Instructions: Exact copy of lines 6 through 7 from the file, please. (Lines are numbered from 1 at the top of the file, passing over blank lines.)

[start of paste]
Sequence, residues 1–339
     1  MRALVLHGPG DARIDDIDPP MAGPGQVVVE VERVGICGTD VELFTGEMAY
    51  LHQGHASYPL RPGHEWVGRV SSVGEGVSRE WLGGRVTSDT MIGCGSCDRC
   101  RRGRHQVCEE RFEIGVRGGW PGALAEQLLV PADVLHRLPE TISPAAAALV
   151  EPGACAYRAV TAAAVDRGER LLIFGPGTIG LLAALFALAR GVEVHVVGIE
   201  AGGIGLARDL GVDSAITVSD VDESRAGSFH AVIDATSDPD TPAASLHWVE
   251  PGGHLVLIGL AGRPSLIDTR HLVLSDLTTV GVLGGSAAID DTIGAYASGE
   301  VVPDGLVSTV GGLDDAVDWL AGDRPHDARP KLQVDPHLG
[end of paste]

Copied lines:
   201  AGGIGLARDL GVDSAITVSD VDESRAGSFH AVIDATSDPD TPAASLHWVE
   251  PGGHLVLIGL AGRPSLIDTR HLVLSDLTTV GVLGGSAAID DTIGAYASGE